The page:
On Tuesday we ran a story about a lawsuit brought by PhoneDog against one of their former employees, Noah Kravitz. When Kravitz left the company in October 2010 he took the Twitter account – formerly Phonedog_Noah, now NoahKravitz – with him. The company asked only that he continue to post about them periodically. Then, eight months later, PhoneDog sued Kravitz for $340,000 – $2.50 per month for each of the 17,000 followers he had when he left. The suit claimed that Kravitz’s followers were a “customer list,” and therefore PhoneDog’s property.
In the course of preparing Tuesday’s story, I sent a request to PhoneDog for comment. This morning they replied. Here’s what they had to say.
First, they asserted that the Twitter account in question was created specifically as a marketing tool for PhoneDog:
The primary objectives of the account were to promote PhoneDog’s published paid for content, giveaways, and live blogging events, and to provide the audience a way to follow Noah during his daily activities as a representative for the company. PhoneDog has always strived to provide a very personal user experience by frequently communicating with its audience, and all of our editors were and are encouraged to tweet personal aspects of their life to the account.
In other words, though Kravitz’s account may have included personal tweets, its primary purpose was spreading Phonedog’s brand. They also assert that the Phonedog_Noah name was chosen according to their company’s naming policies:
When creating the account, PhoneDog management permitted and directed Noah to establish the account using the PhoneDog_Noah naming convention. An additional email memo was sent to the editorial staff in January of 2009 reiterating the Company’s Twitter naming policy.
Furthermore, PhoneDog asserts that the 17,000 followers Kravitz had when leaving the company were acquired because of his association with PhoneDog:
As a representative for PhoneDog, Noah published and was compensated for hundreds of blog posts and videos created during his career with PhoneDog. All of the content included the PhoneDog_Noah Twitter account information for users to follow. Our YouTube channel http://www.youtube.com/phonedog and web properties www.phonedog.com, facebook.com/phonedog and other Twitter accounts attract millions of users each month. The size and the targeted nature of the PhoneDog audience were the primary drivers to grow the account’s followers.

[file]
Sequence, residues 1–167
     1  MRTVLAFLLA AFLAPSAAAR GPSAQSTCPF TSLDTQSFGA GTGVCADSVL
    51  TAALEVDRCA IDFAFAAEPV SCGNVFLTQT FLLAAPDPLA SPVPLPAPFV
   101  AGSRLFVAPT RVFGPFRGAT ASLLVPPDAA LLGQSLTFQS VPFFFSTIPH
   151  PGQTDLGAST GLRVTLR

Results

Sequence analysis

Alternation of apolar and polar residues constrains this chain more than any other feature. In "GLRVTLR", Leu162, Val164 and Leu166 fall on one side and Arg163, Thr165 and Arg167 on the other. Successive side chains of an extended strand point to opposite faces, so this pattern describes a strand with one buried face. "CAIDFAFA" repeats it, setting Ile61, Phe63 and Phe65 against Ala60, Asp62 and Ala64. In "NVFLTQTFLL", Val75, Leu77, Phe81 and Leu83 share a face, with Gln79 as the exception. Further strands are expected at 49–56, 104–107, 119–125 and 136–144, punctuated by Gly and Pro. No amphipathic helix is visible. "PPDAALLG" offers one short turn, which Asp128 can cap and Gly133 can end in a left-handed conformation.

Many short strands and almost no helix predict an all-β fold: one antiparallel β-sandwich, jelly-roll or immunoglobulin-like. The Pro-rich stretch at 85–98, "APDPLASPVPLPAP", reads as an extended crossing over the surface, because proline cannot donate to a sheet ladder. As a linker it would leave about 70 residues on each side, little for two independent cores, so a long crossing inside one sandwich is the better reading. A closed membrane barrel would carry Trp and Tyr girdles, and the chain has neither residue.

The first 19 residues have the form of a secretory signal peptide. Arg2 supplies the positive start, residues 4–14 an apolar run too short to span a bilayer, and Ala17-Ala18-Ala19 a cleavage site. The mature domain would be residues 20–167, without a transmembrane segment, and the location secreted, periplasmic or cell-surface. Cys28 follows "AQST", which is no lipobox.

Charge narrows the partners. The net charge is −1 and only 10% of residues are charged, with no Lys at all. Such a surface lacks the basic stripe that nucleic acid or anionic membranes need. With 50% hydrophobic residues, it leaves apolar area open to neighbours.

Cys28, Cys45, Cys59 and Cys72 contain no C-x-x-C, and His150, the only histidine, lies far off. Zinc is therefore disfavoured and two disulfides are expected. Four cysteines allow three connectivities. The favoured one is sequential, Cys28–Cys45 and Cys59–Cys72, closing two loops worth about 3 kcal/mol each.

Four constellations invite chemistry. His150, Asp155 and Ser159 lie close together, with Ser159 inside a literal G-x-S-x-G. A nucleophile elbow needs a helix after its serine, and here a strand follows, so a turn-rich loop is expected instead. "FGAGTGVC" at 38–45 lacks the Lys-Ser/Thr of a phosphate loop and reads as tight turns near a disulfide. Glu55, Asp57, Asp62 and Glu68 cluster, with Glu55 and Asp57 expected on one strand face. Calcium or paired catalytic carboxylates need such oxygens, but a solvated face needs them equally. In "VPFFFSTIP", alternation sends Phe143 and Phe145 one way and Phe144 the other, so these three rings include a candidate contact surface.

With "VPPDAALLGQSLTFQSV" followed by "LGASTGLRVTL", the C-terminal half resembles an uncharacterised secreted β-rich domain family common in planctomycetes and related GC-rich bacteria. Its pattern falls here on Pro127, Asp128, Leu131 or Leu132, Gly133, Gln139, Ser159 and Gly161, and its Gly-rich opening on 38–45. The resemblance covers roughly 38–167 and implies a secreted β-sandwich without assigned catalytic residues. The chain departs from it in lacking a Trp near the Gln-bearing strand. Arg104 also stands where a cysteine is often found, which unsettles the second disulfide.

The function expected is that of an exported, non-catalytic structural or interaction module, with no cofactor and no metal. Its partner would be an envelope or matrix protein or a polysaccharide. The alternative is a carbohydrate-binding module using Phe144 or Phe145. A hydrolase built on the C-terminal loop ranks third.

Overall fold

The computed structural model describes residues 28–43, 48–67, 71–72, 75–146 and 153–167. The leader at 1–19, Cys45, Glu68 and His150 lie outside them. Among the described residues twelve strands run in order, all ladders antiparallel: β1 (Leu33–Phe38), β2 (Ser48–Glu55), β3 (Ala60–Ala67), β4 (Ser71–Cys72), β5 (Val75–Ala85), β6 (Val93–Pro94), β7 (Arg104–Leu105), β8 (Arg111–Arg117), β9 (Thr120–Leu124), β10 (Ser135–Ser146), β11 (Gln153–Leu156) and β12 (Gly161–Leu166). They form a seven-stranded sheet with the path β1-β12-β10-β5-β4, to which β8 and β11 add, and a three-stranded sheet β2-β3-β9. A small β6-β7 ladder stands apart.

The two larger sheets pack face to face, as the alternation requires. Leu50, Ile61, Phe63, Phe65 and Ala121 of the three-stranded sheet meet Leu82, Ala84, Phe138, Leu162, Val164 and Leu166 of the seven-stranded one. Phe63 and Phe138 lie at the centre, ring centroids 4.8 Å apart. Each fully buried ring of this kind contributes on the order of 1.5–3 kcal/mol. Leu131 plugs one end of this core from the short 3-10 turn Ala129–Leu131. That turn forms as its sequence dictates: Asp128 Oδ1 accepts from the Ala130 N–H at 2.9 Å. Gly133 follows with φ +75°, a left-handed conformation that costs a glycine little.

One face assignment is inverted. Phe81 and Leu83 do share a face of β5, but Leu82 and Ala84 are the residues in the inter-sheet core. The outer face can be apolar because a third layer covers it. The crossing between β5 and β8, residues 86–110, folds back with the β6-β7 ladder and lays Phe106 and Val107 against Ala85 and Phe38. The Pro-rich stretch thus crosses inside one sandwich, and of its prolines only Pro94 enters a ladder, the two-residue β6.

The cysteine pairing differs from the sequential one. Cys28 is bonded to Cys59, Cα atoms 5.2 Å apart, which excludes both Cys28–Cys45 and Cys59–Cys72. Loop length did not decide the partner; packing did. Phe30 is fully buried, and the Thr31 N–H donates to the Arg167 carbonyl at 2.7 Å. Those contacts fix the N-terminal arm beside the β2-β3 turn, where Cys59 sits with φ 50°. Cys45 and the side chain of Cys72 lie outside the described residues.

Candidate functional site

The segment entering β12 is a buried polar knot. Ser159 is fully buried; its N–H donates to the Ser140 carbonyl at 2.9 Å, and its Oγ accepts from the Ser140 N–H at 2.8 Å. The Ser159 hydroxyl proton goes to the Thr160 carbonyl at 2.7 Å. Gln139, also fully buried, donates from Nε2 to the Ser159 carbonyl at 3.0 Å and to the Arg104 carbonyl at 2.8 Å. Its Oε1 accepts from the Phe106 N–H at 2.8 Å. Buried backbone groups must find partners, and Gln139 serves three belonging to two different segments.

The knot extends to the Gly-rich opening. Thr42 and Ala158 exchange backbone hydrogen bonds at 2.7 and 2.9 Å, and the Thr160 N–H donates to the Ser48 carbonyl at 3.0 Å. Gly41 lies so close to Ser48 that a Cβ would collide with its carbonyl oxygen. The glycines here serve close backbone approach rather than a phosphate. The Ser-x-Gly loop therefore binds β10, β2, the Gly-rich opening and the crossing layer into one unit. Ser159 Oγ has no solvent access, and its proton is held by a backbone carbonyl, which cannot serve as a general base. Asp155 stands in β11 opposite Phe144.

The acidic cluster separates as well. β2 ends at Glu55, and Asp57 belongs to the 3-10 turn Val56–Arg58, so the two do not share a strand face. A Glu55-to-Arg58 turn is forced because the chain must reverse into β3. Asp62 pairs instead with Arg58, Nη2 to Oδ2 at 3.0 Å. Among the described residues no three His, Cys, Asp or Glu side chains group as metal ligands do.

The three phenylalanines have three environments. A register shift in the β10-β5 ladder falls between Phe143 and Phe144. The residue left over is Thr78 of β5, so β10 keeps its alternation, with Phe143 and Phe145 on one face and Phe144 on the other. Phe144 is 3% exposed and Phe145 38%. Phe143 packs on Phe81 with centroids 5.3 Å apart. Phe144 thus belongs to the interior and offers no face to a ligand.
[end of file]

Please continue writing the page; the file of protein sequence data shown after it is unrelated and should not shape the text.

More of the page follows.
PhoneDog’s statement concludes:
Since the creation of our very first account, our primary Twitter accounts have utilized a naming convention with the PhoneDog trademark to purposefully promote the brand along with the company’s editorial team. All of our social media accounts, content, and their related websites are extensions of our online publications. Our social media efforts were established to increase exposure for our web properties and to increase the brands’ identity and not any one individual after he or she departs the company. The costs and resources invested by PhoneDog Media into growing its followers, fans, and general brand awareness through social media are substantial and are considered property of PhoneDog Media LLC. We intend to aggressively protect our customer lists and confidential information, intellectual property, trademark and brands. Many of the statements made regarding the facts of the case are inaccurate. We intend to prove this in due process.
So, to sum up, PhoneDog’s claim is that Kravitz’s Twitter account was created specifically to market PhoneDog’s brand, and that those 17,000 followers came from Kravitz’s association with PhoneDog. If that is so, then PhoneDog may have a point. There are still a few unanswered questions, however. For example, what is PhoneDog hoping to gain from the suit (apart from $340,000)? Do they want the account back? Do they want only those 17,000 followers? It seems a victory for PhoneDog could give them a pretty significant logistical problem, too. How would they sort those 17,000 from Kravitz’s current 25,000 followers (assuming all 17,000 still follow him)? I asked about that in my original request for comment. The response I received included the above-quoted statement, and a promise of “more to say after the holiday break.”
Given the potential ramifications for social media in the business world, this is definitely a story that we’ll be keeping an eye on.
What do you think? Should employees be allowed to take their company Twitter accounts with them? Sound off in the comments.